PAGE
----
Days of Heaven

Days of Heaven ★★★★★

Original Grade: 2.5 Stars
Rewatch Grade: 5 Stars 

What a difference 20-odd years make when viewing a film. It appears they can easily drift from overrated to masterpiece when viewing through the ever-warping lens of time. 

I remember anxiously running to the local corner video store to try and find this after first viewing Badlands in my early 20s. This was my old Rendezview Video days where nearly every night I would try to grab a 70s classic or some random 90s indie movie with Parker Posey in it. Rushing back to my tiny room in an old pink house on Como Avenue just north of the University of Minnesota campus. The salad days of renting Raging Bull for the first time and going to see shit like John Sayles’ Lone Star by myself at the old Har Mar mall movie theater. 

The point being I was a pompous pseudo-film student and I would hype films up in my mind, then be viciously disappointed when I finally watched them (Fargo was also one of the films I angrily chastised as “overrated” upon first viewing).
So I despised Days of Heaven for decades because I was sorely let down when I first viewed it...and also when I tried it again after watching Malick’s comeback The Thin Red Line in 1998. Words cannot describe the gushing that was in effect by my film professor when it was announced the great Terry Malick was making another film after 20 years.

So cut to last night, I watched this on a whim because I didn’t want to yet commit to Malick’s most recent A Hidden Life due to the ponderous 3 hour run time. I was simply blown away. This may be the perfect Malick film - it’s a scant 1 HR and 34 Minutes in length. It gregariously uses voiceover and tight editing to tell a terrific turn of the century morality play. A dusty sketch that is as much of a lark as it is something of enormous weight. A perfect companion piece to Badlands.

As most people already know there are two things going for this film that lift it into a higher plane of cinematic relevance. The outrageously beautiful cinematography and one of the most enchanting film scores ever written by Ennio Moriccone. These two things continue to delight and wash over you long after the film is over. The sheer difficulty of shooting most of these scenes for 20 minutes a day at magic hour sans any studio lights is so far gone from reality I can’t even comprehend it (especially since I’ve tried to fumble around with a minor photography hobby the last year or so). Every single shot is composed within the frame like a museum quality painting. It’s like Malick took the “scarecrow” shot of Martin Sheen and the moon from Badlands and repurposed it for an entire film. Perhaps that’s what spoke to me so much - like one of my favorite films of all time, Barry Lyndon, this beautiful birds-eye view of humanity is just something you don’t see anymore. It’s unflinching in Kubrickian sensibility, and could easily come off as cold and callous. The “humans as sophisticatedly dumb beasts” motif if you will.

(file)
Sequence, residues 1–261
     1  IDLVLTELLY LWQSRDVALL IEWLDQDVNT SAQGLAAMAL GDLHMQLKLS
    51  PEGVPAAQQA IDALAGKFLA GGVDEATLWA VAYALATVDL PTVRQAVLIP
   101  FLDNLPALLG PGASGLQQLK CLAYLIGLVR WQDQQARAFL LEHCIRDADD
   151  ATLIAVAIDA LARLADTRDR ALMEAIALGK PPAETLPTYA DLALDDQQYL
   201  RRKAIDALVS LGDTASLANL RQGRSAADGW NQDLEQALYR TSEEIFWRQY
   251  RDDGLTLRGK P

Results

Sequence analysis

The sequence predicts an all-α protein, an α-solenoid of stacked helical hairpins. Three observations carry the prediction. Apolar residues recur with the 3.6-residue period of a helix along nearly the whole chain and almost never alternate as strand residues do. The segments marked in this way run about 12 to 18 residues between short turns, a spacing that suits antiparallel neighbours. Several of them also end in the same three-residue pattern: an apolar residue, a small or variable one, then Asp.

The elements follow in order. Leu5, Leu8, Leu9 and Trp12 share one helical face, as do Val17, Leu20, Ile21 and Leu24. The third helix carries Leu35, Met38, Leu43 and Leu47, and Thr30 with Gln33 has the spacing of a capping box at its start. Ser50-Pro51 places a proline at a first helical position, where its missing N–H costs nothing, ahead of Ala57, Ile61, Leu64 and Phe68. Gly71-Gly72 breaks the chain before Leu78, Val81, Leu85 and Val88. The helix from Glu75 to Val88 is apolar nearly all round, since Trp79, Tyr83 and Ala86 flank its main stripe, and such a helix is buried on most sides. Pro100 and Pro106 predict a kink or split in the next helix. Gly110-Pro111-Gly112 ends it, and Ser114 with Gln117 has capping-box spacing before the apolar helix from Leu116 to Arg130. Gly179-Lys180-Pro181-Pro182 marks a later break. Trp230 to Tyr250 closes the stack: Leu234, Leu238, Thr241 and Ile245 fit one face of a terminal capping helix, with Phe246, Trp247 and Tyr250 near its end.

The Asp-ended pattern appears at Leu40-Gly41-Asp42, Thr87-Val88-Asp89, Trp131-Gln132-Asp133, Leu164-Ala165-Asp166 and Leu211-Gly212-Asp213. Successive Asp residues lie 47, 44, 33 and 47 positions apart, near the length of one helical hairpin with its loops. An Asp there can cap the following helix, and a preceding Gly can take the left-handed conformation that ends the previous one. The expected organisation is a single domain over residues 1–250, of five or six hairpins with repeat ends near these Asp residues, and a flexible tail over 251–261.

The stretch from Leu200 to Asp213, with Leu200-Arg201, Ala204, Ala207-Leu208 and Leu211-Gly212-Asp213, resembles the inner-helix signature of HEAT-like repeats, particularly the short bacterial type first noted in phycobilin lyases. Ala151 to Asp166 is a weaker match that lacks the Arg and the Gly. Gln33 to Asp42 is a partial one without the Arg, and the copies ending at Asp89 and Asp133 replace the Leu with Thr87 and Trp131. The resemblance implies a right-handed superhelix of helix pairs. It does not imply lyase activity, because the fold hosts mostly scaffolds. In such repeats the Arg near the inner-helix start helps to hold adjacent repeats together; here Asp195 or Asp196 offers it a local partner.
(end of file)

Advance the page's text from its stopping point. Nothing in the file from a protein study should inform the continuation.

This brings me to my initial problems with the film. The lack of plot and the lack of nuanced acting performances. I believe at the time I just really hated Richard Gere. I simply would not except that he would be in a classic film and pull it off. Especially after the garbage he was doing in that mid 90s to early 2000s era. Anyone remember Sommersby? Or First Knight? Or god forbid cinema’s nadir Dr. T and the Women? My 22 yr old mind simply could not accept Gere. He did not compute. Furthermore I did not know any of the other actors in the film at the time, including the great Sam Shepard or the decrepitly glorious Robert J. Wilke as the farm foreman. 

Shepard’s “The Farmer” is a master class in stoicism. Glowering down upon the peasants from his proverbial mansion on the hill. He has the uncanny looks of a young Denis Leary, the simmering menace of a young Wilem Dafoe, and the innocence of a lost puppy. The mansion itself also becomes a character, in an almost Hitchcockian Psycho homage. It lurks at the fringe of every perfectly composed frame like a specter of the disproportionate weight between the classes. All the while the topography of Wilke’s craggy face looks on in deadpan horror as Gere and his women infest “The Farmer’s” pastoral paradise. 

The thing I like about Malick’s films is they take a wide enough angle on the human condition so that they continue to resonate for years. Whenever I watch one of his films I find something deeply personal within myself or within the world as a whole that I didn’t see before. With Heaven I am seeing a strong whiff of 2020. The Grand Canyon crater-wide gap between rich and poor is the most obvious one. The 2nd one is the ghost of Woodrow Wilson which permeates the period. This was a president who also completely ignored a pandemic because of pure American exceptionalism. Just replace Trump’s relentless pursuit of the Stock Market with Wilson’s pursuit of War. The Farmer and his friends literally doing nothing between harvest seasons but goofing off with their money, all the while con men lurk beneath the surface and a plague infiltrates their paradise and burns it to the ground. Wilson anonymously whistle stopping across the panhandle to view his greatness while the oblivious gang waves and yells is the lynchpin of the entire film. It’s all down hill from there. 

Many of Malick’s films tend to amplify human folly vs. nature elements (The Thin Red Line, The New World). However, none of them fulfill this promise in such a stark, succinct way as this film does. We feel as if we are on the edge of time and yet everything that descends upon these poor people is still lurking out our front doors more than a century later.

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